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Economic abuse: A theory of intrahousehold sabotage

  • Anderberg, Dan
  • Rainer, Helmut

While research on domestic abuse in economics has to date almost exclusively focused on physical violence, research in other disciplines has documented that abusive males frequently also use sabotage tactics to interfere with the employability and job performance of the victim. This paper puts forward a theoretical framework that rationalizes why men may use labor market sabotage “instrumentally” to thwart their partners' training or career efforts. The model predicts a non-monotonic relationship between the gender wage gap and intrahousehold sabotage committed by abusive males. There are no one-size-fit-all solutions when it comes to reducing the incidence of economic abuse. Instead, specific measures have to be targeted at different types of households.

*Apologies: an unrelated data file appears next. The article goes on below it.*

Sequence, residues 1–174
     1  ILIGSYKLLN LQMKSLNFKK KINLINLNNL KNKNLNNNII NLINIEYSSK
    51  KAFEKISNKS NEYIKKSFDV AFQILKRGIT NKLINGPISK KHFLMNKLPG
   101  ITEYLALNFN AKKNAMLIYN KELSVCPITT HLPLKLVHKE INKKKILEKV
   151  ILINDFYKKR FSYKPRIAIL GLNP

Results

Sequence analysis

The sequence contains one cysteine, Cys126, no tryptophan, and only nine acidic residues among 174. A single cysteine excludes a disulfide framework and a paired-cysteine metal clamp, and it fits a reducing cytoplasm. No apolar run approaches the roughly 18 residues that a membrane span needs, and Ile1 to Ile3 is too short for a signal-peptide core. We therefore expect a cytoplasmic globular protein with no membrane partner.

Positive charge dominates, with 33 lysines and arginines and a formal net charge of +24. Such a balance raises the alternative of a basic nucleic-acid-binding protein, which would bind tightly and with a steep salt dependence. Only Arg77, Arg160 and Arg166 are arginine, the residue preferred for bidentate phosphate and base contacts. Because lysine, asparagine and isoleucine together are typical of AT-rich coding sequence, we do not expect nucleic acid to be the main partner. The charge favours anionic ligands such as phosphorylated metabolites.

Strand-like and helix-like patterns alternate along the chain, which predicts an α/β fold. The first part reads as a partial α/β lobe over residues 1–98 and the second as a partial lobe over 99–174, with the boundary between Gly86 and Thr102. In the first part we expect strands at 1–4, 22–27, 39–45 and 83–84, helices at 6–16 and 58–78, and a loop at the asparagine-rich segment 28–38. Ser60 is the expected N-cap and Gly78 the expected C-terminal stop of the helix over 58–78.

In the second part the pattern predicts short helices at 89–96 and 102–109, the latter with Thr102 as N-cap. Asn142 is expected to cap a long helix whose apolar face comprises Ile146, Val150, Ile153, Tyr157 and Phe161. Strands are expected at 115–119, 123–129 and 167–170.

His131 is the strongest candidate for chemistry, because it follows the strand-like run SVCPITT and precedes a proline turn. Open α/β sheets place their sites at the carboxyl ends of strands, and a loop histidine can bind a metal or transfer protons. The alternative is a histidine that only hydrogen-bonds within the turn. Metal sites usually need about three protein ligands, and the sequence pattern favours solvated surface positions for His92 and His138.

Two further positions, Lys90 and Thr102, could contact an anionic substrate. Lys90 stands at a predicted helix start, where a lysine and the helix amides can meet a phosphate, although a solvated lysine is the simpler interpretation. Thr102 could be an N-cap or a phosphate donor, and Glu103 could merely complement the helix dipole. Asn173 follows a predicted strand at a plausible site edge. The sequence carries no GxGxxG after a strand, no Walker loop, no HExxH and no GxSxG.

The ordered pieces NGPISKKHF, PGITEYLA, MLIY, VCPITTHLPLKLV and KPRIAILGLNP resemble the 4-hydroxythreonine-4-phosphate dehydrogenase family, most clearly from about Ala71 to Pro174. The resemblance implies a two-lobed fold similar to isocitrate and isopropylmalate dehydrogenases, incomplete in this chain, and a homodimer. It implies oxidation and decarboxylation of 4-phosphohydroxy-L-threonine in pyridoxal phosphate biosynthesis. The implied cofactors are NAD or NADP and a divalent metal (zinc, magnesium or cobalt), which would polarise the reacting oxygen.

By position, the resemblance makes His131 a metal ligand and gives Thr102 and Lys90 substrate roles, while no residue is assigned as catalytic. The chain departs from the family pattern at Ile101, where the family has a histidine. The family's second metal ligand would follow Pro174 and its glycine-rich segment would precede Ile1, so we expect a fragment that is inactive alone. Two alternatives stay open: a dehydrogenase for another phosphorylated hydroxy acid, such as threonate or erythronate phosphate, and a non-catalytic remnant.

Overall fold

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File URL: http://www.sciencedirect.com/science/article/pii/S0047272712001168
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Article provided by Elsevier in its journal Journal of Public Economics.

Volume (Year): 97 (2013)
Issue (Month): C ()
Pages: 282-295

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Handle: RePEc:eee:pubeco:v:97:y:2013:i:c:p:282-295
Contact details of provider: Web page: http://www.elsevier.com/locate/inca/505578

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  1. Daniela Del Boca & Christopher Flinn, 2009. "Endogeneous Household Interaction," Carlo Alberto Notebooks 109, Collegio Carlo Alberto.
  2. Zhiqi Chen & Frances Woolley, 1999. "A Cournot-Nash Model of Family Decision Making," Carleton Economic Papers 99-13, Carleton University, Department of Economics, revised Oct 2001.
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  8. Bergstrom, Theodore C, 1989. "A Fresh Look at the Rotten Kid Theorem--and Other Household Mysteries," Journal of Political Economy, University of Chicago Press, vol. 97(5), pages 1138-59, October.
  9. Konrad, Kai A & Lommerud, Kjell Erik, 1995. " Family Policy with Non-cooperative Families," Scandinavian Journal of Economics, Wiley Blackwell, vol. 97(4), pages 581-601, December.
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